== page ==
Salt River Canyon Bridge – Gila County AZ

Description

“The Salt River Canyon Bridge spans one of the most dramatic canyons in Arizona. It was funded by the Public Works Administration, designed in 1933 by architect Lee Moor, and completed in June 1934. The bridge is a single-span steel arch. The design of the bridge approach was highly complex because of the multiple curvatures. Its Art Deco superstructure shines in the sunlight and is still one of Arizona’s most visibly striking, engineered structures. Today the bridge carries only pedestrian traffic; a newer, wider version that sits adjacent handles automobile and truck traffic on Highway 60.”

Source notes

"The New Deal in Arizona: Connections to Our Historic Landscape," University of Arizona, The New Deal in Arizona Chapter of the National New Deal Preservation Association. 
http://www.library.arizona.edu/newdeal/map.html

The above quote and additional photos can be found at: http://content.library.arizona.edu/cdm/singleitem/collection/NewDeal/id/207

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Location Info


Salt River Canyon Bridge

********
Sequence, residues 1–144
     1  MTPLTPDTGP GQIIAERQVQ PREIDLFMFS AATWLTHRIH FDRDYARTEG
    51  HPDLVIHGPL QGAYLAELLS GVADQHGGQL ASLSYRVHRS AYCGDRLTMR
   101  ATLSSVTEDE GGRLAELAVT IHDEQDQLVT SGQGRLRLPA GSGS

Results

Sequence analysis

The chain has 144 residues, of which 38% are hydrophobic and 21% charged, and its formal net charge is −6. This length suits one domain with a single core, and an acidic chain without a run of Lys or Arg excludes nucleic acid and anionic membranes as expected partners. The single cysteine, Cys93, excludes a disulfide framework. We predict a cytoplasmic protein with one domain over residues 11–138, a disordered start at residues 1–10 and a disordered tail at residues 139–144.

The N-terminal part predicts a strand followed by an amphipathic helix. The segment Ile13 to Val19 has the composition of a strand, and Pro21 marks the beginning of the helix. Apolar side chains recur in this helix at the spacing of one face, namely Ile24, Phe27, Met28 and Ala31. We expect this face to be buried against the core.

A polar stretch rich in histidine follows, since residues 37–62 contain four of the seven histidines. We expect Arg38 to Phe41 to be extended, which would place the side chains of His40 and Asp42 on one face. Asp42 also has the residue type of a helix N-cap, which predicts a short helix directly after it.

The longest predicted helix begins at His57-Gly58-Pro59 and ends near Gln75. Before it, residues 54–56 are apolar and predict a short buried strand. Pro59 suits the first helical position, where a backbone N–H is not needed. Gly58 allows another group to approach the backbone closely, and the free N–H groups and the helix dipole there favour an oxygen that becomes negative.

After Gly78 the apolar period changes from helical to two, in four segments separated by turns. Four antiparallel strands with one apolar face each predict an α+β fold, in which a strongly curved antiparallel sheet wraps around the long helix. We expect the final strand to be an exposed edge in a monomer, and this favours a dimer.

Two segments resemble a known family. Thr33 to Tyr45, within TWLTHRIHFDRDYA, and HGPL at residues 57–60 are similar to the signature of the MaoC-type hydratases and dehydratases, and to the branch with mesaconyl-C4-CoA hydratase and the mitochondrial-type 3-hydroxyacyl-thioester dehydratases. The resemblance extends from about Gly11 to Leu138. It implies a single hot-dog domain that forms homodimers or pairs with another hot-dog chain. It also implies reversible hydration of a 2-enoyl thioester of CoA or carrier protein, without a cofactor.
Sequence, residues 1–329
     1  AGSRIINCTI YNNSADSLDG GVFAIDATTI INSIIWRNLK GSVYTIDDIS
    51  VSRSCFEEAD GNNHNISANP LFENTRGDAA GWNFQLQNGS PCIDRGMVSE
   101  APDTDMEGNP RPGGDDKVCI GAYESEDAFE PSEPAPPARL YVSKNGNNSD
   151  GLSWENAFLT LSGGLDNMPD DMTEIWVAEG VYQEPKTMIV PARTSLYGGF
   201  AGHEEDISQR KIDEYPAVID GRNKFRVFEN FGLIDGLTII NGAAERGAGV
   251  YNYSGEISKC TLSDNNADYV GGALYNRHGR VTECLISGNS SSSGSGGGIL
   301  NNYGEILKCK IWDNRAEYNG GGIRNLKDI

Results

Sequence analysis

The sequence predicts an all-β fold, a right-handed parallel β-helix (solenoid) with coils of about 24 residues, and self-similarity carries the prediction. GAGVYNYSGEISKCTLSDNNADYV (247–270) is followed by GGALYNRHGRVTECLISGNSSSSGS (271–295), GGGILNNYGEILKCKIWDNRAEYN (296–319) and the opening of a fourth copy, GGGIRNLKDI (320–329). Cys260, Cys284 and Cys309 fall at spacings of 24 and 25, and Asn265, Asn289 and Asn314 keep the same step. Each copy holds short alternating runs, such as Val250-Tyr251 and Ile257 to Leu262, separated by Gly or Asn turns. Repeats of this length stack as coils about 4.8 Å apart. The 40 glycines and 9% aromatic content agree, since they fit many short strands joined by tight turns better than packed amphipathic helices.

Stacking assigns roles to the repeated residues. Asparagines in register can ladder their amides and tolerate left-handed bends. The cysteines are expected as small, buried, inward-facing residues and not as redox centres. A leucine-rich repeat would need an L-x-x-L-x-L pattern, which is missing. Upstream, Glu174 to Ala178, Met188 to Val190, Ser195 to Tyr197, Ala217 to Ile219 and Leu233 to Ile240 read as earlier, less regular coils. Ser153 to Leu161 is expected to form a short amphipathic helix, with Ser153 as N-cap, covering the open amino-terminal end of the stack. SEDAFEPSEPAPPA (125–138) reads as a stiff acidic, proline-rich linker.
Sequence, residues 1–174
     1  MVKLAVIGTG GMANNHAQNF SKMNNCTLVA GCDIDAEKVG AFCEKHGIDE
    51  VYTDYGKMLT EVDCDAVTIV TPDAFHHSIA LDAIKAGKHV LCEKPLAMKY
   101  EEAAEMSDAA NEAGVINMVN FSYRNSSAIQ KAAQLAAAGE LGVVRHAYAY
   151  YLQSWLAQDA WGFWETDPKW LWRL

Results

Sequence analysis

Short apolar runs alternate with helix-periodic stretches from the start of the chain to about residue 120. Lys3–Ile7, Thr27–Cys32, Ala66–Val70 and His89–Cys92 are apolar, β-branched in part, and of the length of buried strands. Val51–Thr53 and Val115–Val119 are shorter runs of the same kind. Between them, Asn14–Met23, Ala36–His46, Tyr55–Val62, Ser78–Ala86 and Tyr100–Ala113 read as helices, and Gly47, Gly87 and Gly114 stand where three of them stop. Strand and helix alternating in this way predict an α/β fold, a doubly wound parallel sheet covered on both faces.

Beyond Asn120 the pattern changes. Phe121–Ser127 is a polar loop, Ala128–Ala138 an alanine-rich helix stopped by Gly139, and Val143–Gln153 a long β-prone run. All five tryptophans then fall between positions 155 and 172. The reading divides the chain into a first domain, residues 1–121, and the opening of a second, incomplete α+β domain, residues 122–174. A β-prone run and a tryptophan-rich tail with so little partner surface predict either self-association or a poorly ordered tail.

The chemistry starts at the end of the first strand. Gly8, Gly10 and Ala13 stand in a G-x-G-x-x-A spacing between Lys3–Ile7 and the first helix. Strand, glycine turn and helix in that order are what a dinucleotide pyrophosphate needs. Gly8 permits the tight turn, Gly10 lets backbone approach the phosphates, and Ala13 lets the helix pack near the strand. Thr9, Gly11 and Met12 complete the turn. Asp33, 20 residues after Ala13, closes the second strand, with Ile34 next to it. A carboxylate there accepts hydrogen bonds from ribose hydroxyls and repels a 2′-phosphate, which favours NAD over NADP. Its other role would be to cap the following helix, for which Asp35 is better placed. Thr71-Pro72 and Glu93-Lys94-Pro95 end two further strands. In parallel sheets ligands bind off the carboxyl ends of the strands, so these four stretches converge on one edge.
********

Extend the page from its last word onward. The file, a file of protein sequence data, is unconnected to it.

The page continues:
AZ

Coordinates: 33.7979, -110.5043

4 comments on “Salt River Canyon Bridge – Gila County AZ

  1. I think Ralph Hoffman designed the Salt River Canyon Bridge

  2. J. Bradley

    I have spent my day trying to find out when the (pink) new, wider, automobile/truck traffic Salt River Canyon Bridge was built. I’ve been unsuccessful. Do you know and can you tell me?

  3. Jerry Phelps

    US 60 in Arizona follows the terrain closely as it winds its way down the Salt River Canyon. At the bottom lies this exquisite Art Moderne steel arch bridge from 1934. With its 162 foot span and decorative towers and railings, this bridge stands out among other steel arch bridges of the period. It was replaced by the Apache Bridge which opened in 1996. The Salt River Canyon bridge is now relegated to pedestrian traffic only.

  4. Twila Eakin

    I would appreciate any information on the Salt River “turnout” that was a stone and timber construction that existed in 1939 and 1940. It doesn’t exist today but I have a photo of my parents sitting at the structure. Did the CCC build it and when was it built? When was it torn down and why? Any information regarding this structure would be greatly appreciated.

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